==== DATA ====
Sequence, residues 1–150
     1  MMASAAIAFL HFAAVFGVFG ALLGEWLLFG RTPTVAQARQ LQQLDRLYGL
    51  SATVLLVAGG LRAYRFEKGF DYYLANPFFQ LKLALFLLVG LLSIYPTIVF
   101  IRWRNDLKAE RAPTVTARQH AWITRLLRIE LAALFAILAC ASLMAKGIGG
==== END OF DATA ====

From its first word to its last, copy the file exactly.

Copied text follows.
Sequence, residues 1–150
     1  MMASAAIAFL HFAAVFGVFG ALLGEWLLFG RTPTVAQARQ LQQLDRLYGL
    51  SATVLLVAGG LRAYRFEKGF DYYLANPFFQ LKLALFLLVG LLSIYPTIVF
   101  IRWRNDLKAE RAPTVTARQH AWITRLLRIE LAALFAILAC ASLMAKGIGG